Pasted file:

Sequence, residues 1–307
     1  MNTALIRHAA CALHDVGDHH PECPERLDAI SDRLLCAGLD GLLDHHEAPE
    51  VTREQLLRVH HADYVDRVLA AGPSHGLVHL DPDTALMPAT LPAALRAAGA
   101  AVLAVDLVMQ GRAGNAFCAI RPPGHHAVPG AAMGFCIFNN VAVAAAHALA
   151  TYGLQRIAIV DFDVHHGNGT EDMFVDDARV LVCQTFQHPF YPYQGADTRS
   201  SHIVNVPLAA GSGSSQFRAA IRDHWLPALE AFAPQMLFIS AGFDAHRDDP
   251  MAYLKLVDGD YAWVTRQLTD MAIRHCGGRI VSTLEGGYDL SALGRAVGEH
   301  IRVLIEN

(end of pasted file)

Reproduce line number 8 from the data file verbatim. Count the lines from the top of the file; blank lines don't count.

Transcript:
   301  IRVLIEN